The Age Discrimination in Employment Act of 1967 (ADEA) cautions employees against discrimination during the hiring process where employees are eliminated from the enrolment process judging by their age. Age is not incapability; as long as the person demonstrates his/her ability to tackle responsibilities and duties bestowed to certain positions, they should not be discriminated on age basis. The age factor, however, limits employees from employing minors. This is regarded as protection other than discrimination. Section 501 and 505 of the Rehabilitation Act of 1973 protects qualified people with disabilities from being discriminated from employment opportunities in the federal government (U.S EEOC, 2009).

Furthermore, title II of the Genetic Information Nondiscrimination Act of 2008 (GINA) prohibits employers from using genetic composing as an argument of disqualifying any job applicant. These acts are further strengthened with the Civil Rights Act of 1991, which gives the discriminated person the power to claim monetary cover from the discriminative employer (U.S EEOC, 2009).

Ricci v. DeStefano is a good illustration of reverse discrimination where results aimed to be used for selection purpose are discarded for the purpose of favoring a certain group. In this case, individuals who may have qualified are edged out and those who achieved lower marks given an opportunity. Such actions result to unfair competition marred by discriminative acts (U.S. Department of Labor, 2013).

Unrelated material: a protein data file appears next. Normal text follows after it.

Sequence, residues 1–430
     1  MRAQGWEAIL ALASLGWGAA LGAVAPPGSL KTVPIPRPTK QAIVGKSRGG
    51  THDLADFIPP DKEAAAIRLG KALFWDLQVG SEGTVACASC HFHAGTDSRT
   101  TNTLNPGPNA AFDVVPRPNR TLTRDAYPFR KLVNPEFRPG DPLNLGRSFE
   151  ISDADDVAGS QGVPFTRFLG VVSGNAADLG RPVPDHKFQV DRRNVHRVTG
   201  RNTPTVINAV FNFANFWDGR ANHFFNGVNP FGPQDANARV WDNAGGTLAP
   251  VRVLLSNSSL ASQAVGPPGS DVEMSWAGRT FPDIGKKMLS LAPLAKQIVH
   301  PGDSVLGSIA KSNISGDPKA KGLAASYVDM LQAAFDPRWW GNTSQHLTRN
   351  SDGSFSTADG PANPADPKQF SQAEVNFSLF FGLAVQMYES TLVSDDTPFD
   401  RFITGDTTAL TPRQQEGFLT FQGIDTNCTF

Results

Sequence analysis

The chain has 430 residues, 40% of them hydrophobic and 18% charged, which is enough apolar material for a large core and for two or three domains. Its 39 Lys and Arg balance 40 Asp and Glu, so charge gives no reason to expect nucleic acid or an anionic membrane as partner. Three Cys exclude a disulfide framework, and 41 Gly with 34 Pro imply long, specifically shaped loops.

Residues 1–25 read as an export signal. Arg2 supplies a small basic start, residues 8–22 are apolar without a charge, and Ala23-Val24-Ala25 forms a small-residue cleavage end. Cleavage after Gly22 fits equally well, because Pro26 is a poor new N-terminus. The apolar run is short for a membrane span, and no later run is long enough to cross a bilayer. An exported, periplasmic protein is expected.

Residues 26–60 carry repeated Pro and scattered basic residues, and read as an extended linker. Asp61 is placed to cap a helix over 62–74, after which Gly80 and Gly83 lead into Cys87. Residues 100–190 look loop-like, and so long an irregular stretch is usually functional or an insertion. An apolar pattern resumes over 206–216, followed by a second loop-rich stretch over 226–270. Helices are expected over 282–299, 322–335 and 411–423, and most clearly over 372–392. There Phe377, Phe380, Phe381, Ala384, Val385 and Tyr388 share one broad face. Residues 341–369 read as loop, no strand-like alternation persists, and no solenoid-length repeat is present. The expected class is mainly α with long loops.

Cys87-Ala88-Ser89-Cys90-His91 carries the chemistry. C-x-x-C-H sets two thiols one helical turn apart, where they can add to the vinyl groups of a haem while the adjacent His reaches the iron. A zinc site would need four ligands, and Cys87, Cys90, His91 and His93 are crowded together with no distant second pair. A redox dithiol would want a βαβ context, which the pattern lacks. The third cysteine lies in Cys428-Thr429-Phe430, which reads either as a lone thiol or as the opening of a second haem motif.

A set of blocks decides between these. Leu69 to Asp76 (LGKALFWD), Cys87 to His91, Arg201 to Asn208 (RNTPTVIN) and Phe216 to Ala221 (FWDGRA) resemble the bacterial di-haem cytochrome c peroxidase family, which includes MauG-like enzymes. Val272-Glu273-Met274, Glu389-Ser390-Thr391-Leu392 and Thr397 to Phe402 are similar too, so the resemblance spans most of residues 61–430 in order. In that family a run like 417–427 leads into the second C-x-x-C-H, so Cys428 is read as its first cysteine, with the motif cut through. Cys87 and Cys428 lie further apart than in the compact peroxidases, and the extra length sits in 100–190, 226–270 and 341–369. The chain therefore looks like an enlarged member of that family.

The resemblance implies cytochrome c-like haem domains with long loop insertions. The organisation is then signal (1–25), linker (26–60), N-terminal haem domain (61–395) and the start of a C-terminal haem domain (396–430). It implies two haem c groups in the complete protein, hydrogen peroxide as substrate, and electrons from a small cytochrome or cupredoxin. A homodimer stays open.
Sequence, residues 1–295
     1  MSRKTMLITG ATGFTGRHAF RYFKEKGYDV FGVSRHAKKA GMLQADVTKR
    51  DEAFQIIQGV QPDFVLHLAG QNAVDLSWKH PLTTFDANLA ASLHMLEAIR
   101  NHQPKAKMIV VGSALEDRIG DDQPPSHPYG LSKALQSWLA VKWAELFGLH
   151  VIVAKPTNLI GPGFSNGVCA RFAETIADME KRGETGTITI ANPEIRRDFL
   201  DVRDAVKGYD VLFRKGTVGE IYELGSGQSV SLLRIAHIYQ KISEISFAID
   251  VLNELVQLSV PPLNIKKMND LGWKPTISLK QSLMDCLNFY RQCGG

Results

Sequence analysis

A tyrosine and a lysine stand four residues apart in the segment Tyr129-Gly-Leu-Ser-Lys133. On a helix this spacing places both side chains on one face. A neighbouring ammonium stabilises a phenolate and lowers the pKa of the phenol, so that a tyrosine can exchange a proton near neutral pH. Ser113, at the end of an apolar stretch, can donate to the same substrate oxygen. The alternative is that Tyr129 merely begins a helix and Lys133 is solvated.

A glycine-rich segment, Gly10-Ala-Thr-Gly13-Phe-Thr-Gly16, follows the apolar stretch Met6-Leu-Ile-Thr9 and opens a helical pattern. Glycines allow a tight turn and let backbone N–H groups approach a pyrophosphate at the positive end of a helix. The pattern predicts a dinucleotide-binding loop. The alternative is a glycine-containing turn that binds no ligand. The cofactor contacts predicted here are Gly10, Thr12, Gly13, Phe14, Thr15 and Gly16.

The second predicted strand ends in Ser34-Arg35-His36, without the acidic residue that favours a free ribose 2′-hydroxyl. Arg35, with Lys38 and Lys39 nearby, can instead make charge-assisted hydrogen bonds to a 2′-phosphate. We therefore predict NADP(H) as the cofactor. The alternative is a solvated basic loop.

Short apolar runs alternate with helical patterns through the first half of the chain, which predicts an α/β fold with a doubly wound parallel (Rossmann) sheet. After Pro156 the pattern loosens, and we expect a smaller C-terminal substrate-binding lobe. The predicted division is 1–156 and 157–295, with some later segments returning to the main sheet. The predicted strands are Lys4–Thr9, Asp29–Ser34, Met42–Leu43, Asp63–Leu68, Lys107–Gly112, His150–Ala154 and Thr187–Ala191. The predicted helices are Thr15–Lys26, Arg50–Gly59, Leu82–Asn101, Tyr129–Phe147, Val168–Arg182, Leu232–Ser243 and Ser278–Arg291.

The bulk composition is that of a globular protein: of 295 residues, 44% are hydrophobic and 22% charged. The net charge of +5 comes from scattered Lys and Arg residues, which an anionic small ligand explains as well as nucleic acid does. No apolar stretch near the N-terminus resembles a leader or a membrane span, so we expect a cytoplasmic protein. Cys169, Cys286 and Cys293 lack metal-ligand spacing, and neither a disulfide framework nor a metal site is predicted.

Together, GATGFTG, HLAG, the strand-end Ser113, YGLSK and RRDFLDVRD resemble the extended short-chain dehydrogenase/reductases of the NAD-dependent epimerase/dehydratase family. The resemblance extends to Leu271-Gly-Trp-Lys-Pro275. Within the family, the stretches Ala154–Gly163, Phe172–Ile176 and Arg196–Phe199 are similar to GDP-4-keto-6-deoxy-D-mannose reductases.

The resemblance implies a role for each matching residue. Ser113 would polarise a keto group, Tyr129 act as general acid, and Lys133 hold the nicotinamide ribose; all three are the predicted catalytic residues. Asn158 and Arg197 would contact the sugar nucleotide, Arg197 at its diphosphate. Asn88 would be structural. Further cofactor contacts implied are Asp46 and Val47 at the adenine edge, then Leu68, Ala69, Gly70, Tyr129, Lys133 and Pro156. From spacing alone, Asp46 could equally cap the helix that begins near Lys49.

Interview Process and Discriminatory Factors

The interview process is another avenue that presents opportunities where employees may be discriminated even without their knowledge. Ideally, applicants undergo a process of isolation where they answer a number of questions, especially in a setting of a one-on-one encounter with the interviewer or the bench of interviewers. Some of the questions directed to the interviewee may be discriminative. Interviewees may fail to notice such hints or too frightened to identify such questions. Some of these questions are aimed at determining their religion, age, race, ethnicity or country of origin; then an employer may use them to disqualify one in a discriminative approach. Examples of these questions in a questionnaire include the following: